The French stood “high and straight” last week to express outrage at the murders in Paris but the “seeds of division” loom large. Right after the terror attacks on Tuesday, a common reaction was “what a gift for the National Front!” Marine Le Pen’s party, fresh off a strong showing in the 2014 European Parliament elections, could gain from rising fears of loss of national sovereignty over immigration and Islam, as it has profited by broad discontent with the euro and the European Union in the current economic crisis.But the FN’s openly opportunistic reaction to the attacks have brought it under criticism. Le Pen’s attempt to profit off the grief by making statements on reestablishing the death penalty, and her attempts to victimize herself after her initial exclusion by mainstream parties from the marches, seem to have backfired. “Marine Le Pen, aren’t you ashamed?” is how a radio host abruptly opened an interview with the FN leader on Monday.A coherent strategy against Islamic radicalism has to be designed, articulated and defended in the public square. The truth is that French authorities have not taken terrorist threats lightly, either domestically or internationally. France has experienced domestic terrorism before, from Iranian-backed groups in the 1980s and Algerian Islamists in 1995. Over the last year, the domestic intelligence agency, the DGSI, has launch its first public campaign to aggressively recruit new agents and has been given increased powers through legislation. This recruitment campaign has been undertaken in part because of the fear of terror cells arising from those French citizens returning from Jihad.Last July, the Interior Ministry estimated the number of French citizens who left for jihad in Syria at 800. Beyond its borders, accordingly, France stepped up its action against radicals, leading the way against violent Islamists in the Sahel, sending troops to Mali despite lukewarm support from European partners and initial skepticism from the U.S.; and France has the second largest contingent in Iraq (after the U.S.) in the fight against ISIS. In a break from protocol, authorities have admitted to foiling other attacks in the weeks preceding the Charlie Hebdo massacre. The country remains on very high alert as six accomplices of the Buttes Chaumont network are still being sought by the security forces.Additional measures to fight radicalization were announced this week by the Prime Minister: news funds and jobs for police and intelligence services as well as measures to isolate Islamist preachers in prison (which has become a key breeding ground for extremists), etc. The question of stripping binationals who went to fight jihad in Iraq or Syria of their French citizenship, as proposed by the opposition, is also being examined. The risk of future attacks is high.However, beyond immediate security measures, these attacks make clear the ideological nature of the challenge that Europe is facing. France has brutally become the main front, the “crucial test case” for Europe, as New York Times columnist Ross Douthat noted. To have broader success, French officials need to speak publicly and with moral clarity about Islamic radicalism rather than leaving the fighting to anti-terror operations by the police, intelligence agencies or the French military. French elites have to show that Le Pen’s local brand of Putinism is not the solution against fundamentalism.The first test case is the future of French Jews. Despite efforts by the authorities to protect the Jewish community, including banning pro-Palestinian protests last summer as they degenerated into violence, or preventing the anti-Semitic “humorist” Dieudonne from performing, anti-Semitic attacks have been on the rise. On Monday, in an unprecedented measure, the authorities announced the deployment of 4,700 policemen to protect Jewish schools and other sensitive sites. As Valls proclaimed: “France without Jews in not France anymore.” France has the largest Jewish population in Europe (600,000) and has become in 2014 the primary source of emigration to Israel with about 6,000 people making aliyah, which still excludes thousands more who opted to emigrate to London or New York. These departures have not necessarily been motivated by immediate physical danger, but rather by an inchoate pessimistic reflex about the future of France. Preventing the massive departure is less about the Jews than about France proving it has a future and the ability to offer a safe haven to a community that has faced anti-Semitism but also historically thrived under the Republic.A larger challenge will be integrating the largest Muslim community in Europe (somewhere between 5 and 7 million in total) while still fighting radicalism within its ranks. As the noted Islam expert Gilles Keppel explains in Le Monde:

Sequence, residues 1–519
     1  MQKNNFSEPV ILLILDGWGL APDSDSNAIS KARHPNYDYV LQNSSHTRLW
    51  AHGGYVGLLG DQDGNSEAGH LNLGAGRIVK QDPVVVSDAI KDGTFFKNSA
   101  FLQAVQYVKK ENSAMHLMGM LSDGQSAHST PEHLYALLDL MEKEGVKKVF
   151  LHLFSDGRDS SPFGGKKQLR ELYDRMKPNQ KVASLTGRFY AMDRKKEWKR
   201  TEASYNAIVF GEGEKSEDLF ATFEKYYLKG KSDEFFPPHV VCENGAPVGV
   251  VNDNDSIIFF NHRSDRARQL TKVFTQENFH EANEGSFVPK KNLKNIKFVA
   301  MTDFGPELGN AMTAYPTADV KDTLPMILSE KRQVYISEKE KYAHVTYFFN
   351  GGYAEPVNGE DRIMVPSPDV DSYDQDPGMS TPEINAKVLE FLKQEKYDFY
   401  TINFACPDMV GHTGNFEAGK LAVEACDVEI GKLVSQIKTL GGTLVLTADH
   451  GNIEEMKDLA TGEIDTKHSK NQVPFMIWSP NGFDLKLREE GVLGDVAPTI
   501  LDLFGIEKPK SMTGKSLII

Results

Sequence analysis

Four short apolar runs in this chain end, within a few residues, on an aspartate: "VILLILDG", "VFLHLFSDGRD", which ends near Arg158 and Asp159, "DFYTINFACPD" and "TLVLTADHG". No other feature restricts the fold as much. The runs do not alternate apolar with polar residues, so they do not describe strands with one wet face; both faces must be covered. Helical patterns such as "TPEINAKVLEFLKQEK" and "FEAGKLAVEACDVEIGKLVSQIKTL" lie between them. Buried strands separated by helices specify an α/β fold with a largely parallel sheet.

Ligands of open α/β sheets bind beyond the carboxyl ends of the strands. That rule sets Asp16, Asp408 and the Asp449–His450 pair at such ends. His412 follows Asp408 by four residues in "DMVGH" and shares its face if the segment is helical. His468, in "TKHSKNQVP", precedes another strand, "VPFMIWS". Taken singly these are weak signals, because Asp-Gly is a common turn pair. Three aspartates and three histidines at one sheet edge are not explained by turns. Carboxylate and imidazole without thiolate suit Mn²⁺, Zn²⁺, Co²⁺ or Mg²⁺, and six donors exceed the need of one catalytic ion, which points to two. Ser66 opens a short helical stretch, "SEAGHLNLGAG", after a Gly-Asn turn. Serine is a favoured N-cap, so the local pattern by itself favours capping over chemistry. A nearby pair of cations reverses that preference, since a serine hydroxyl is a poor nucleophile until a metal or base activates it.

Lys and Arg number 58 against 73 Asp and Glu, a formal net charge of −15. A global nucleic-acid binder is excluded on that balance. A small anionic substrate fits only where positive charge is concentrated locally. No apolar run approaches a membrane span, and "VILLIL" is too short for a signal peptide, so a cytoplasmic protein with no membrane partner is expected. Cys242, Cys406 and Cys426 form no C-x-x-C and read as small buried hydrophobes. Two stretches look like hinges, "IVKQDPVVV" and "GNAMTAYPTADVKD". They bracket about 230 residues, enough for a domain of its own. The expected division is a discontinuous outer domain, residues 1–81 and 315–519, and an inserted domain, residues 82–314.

A large majority of our fellow citizens of the Muslim faith are convinced of the necessity to uphold the republican pact, to integrate Islam to the French culture, the same way Jews, Christians, free thinkers have… but there also exists today a pole of attraction to jihad hostile to this pact. The difficult challenge is to maintain things in proportion, without any confusion, but without dissimulating reality.
As this week’s cover of Le Point, a weekly political magazine suggests, it is “the end of taboos”.Particularly disturbing were the number of schools who chose not to take part in the national moment of silence in memory of the victims of the Charlie Hebdo attacks. Heads of these schools knew some students would be disruptive, having been forbidden by their parents to express solidarity with supposed “blasphemers”—just as many refused to honor those murdered in attack on the Jewish school in Toulouse attack in 2012.Education has become a critical battleground. On a daily basis, it has become harder to teach the history of the Holocaust or even biology in certain neighborhoods. It is a truism to say there is no silver bullet: it will take moral clarity, vigilance, and a mix of economic, educational and security intervention to take down the walls of the “lost territories of the Republic” as these neighborhoods have become known. But beyond that, the French model will have to become attractive again for youths who look to religion to give identity and purpose: this is a task for the whole of French society.The challenge of integration of minorities has been made infinitely more complex in a nation where self-denigration and discussion of national suicide has become second nature. If the proud and inclusive national reawakening defended by French leaders fails, both violent radical Islam and the intolerant discourse of the National Front will benefit, feeding off each other The challenge is considerable. The unity marches, the singing of the Marseillaise, and the vigorous defense of Republican principles we have seen this week offer a glimpse of a more hopeful future, one of a French rise.